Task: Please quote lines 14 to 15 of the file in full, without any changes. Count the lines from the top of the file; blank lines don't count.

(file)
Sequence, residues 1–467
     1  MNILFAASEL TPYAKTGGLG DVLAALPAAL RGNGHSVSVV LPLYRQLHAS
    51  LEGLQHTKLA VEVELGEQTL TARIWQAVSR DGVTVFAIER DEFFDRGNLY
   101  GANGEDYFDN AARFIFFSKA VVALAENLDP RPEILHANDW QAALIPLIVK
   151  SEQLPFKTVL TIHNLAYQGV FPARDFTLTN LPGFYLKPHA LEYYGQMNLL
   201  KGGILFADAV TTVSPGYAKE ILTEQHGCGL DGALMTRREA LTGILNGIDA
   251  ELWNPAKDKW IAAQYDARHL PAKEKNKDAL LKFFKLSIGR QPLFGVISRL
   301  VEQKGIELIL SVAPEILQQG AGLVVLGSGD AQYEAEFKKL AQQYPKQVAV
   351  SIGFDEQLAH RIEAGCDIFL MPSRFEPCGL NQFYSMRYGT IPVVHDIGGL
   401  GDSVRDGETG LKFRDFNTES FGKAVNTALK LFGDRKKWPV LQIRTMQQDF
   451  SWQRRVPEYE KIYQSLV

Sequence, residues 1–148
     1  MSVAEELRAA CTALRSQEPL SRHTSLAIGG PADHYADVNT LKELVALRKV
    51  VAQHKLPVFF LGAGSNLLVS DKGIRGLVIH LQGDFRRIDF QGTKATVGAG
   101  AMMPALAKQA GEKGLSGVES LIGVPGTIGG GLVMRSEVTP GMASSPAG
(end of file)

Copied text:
    51  VAQHKLPVFF LGAGSNLLVS DKGIRGLVIH LQGDFRRIDF QGTKATVGAG
   101  AMMPALAKQA GEKGLSGVES LIGVPGTIGG GLVMRSEVTP GMASSPAG